The 2010 BP oil spill in the Gulf of Mexico is by now a fading memory for most Americans. The U.S. Supreme Court, however, will soon decide whether to hear a case stemming from the spill that could, at long last, restrain abusive trial lawyers who game our legal system.
The case involves BP, which immediately accepted responsibility for the spill and asked attorney Kenneth Feinberg to handle claims on a rapid and completely independent basis. Ultimately, Feinberg ordered more than 200,000 payments totaling $6 billion over 16 months.
The problem at issue arose when opportunistic plaintiffs’ lawyers decided that they weren’t receiving their customary windfall. Consequently, they rushed to court and demanded a class-action settlement, which a federal district court in Louisiana granted.
Then the court appointed a well-connected local Louisiana lawyer to administer claims for what are broadly categorized as “business economic losses.” For example, a restaurant owner on the coast could demonstrate damages by comparing pre-spill revenues and profits versus post-spill revenues and profits. Victims who could establish a decline in revenues and confirm a causal connection between the losses and the spill itself, were entitled to payment.
Unfortunately, the claims administrator also steered vast sums toward businesses whose losses clearly had nothing to do with the spill. BP’s lawyers cite 64 representative examples of such abuse in their writ to the Supreme Court, including:
- A real estate rental company that leased properties to two Saturn dealerships, which both went out of business because GM stopped making Saturns in 2009, put in a claim and received $238,000.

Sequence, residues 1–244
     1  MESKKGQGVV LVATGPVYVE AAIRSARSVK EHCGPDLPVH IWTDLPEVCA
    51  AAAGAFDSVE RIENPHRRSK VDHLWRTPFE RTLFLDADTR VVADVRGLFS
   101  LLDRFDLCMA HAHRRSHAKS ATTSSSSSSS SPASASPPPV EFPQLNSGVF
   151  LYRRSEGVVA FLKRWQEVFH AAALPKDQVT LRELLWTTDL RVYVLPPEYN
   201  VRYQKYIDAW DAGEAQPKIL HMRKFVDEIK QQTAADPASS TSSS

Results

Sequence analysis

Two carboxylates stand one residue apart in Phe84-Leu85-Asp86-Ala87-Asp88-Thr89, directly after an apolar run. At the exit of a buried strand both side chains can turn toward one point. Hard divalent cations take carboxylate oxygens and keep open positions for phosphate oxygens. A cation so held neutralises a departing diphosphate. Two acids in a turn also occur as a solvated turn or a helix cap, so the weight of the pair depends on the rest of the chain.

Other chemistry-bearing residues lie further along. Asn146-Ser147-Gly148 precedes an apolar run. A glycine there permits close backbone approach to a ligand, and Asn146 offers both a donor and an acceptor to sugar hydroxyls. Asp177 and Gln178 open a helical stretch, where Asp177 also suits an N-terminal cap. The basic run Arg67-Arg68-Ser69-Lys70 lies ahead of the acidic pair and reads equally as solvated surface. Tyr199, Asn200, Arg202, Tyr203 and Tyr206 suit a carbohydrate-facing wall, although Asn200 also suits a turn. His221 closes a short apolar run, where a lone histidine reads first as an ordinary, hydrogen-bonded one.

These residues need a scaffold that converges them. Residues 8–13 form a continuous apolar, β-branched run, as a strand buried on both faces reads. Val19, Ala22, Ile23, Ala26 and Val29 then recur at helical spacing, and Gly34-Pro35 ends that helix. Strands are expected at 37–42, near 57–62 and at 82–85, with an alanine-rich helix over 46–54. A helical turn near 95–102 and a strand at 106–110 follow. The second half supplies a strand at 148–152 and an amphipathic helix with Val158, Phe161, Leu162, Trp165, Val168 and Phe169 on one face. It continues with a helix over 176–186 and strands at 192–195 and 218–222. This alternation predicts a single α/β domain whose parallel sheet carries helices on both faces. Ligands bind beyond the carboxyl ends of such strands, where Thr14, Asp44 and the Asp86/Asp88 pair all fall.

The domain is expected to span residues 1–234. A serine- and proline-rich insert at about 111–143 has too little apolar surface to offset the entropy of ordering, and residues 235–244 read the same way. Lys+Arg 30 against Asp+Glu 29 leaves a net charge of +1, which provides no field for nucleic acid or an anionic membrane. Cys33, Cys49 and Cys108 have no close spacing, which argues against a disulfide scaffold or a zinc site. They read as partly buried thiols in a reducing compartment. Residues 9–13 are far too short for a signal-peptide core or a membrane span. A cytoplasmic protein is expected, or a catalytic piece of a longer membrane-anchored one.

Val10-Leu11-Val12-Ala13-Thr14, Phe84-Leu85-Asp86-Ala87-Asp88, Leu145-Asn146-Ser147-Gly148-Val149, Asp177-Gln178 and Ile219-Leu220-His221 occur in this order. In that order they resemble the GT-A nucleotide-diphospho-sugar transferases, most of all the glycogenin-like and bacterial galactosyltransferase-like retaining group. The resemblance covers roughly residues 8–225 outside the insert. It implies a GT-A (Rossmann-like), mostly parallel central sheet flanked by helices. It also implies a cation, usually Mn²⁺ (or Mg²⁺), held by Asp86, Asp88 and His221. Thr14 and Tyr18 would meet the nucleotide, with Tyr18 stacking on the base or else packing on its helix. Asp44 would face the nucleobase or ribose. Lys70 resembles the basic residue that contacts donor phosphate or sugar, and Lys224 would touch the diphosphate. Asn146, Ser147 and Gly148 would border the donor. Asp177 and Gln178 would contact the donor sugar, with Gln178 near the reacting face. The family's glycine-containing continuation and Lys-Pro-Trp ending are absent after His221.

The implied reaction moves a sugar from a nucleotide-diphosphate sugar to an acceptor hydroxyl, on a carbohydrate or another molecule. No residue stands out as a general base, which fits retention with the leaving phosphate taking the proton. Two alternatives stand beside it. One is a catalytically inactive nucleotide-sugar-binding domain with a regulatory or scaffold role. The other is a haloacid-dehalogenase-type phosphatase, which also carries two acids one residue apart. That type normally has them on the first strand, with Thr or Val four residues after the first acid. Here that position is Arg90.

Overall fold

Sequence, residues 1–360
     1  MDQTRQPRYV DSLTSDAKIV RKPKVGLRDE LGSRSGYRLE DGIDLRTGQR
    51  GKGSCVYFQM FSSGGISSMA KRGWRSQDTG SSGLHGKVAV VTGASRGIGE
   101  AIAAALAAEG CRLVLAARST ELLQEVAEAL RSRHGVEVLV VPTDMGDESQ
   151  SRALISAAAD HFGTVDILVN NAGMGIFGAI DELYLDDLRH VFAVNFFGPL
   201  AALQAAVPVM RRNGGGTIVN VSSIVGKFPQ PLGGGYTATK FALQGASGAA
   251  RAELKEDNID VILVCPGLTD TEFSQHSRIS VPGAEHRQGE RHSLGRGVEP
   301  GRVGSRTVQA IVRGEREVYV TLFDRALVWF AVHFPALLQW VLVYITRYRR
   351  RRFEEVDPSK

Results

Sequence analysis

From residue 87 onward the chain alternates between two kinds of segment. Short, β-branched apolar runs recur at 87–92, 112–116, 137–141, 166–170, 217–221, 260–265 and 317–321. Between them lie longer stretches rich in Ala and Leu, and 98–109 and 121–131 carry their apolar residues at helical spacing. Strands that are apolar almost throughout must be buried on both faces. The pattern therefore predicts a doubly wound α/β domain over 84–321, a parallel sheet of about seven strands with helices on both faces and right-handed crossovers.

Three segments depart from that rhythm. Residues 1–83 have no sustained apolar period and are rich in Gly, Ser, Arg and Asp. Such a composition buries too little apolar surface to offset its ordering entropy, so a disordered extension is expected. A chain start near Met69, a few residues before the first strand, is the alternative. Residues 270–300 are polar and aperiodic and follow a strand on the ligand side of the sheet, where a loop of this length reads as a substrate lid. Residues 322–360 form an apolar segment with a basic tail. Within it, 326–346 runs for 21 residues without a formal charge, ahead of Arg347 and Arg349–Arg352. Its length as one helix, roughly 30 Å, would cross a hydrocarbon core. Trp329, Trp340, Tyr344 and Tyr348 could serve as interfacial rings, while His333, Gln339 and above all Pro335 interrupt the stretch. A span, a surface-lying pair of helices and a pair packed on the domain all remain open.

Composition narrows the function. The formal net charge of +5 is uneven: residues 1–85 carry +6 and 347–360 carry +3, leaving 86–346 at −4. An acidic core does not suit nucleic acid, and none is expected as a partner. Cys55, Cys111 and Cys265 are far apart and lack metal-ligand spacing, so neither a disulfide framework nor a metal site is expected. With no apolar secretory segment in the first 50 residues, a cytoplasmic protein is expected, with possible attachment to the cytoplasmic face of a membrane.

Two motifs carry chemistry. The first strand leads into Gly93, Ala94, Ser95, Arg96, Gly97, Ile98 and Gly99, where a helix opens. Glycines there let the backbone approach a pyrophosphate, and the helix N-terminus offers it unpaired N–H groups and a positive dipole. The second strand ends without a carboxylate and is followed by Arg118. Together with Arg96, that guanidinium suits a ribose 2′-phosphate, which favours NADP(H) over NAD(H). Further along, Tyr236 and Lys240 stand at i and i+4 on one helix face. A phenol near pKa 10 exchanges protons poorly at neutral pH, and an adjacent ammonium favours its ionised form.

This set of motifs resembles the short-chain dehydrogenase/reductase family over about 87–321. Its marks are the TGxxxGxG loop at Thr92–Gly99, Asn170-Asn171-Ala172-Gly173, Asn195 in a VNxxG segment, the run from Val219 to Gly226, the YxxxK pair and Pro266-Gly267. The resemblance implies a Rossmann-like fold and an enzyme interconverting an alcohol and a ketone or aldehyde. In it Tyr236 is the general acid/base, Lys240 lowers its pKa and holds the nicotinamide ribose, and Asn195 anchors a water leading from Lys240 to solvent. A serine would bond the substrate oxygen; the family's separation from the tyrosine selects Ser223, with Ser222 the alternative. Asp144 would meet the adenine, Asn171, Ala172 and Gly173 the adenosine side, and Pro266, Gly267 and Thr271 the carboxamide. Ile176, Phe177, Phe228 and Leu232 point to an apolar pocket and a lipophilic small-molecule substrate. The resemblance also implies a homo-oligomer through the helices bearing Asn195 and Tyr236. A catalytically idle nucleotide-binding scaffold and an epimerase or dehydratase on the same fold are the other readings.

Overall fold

- A group of emergency room physicians received $2.3 million after claiming that revenues dropped sharply, but that decline resulted not from the spill, but from a one-time earnings adjustment to accounts receivable over a period of five years.
BP appealed the awards to the Fifth Circuit, but lost in a sharply-split decision. Judge Edith Clement, a highly-respected appellate judge appointed by President George W. Bush, minced no words in her dissent. She warned that the judiciary itself was becoming a “party to the fraud” against BP
Citing Judge Clement, Cardozo School of Law professor Lester Brinkman, a premier authority in the academic study of plaintiffs’ lawyers, wrote, “Make no mistake; fraud it is. The settlement agreement entered into by BP to provide compensation to those that suffered loss from the spill, states that in order to be eligible for compensation, claimants must affirm under penalty of perjury, that they suffered ‘damages arising from’ the Deep Water Horizon incident. But the Louisiana legal system has obliterated these words from the agreement.”
So why should informed citizens care? After all, BP admitted to doing great damage to the Gulf of Mexico.
We should care because if the abusive and greedy plaintiffs’ lawyers triumph in this case, few restraints will remain. If ever there was an example of discarding the rule of law in favor of enriching a politically-powerful group, this case is it.
At issue in this case is a straightforward proposition. Namely, a class-action settlement is grossly inappropriate where large numbers of that supposed class have even not suffered harm. That seems elementary
Unfortunately, different federal courts of appeal have ruled inconsistently in similar cases. That inconsistency alone constitutes one reason the Supreme Court could and should accept the case. Another reason is the important and fundamental legal issue at stake: people who haven’t suffered actual harm should not receive unjustified windfall damages.
Whatever one thinks of BP, the case now before the Supreme Court is a critical one, and its legal position is the correct one. Accordingly, the Justices should take the important step of granting cert.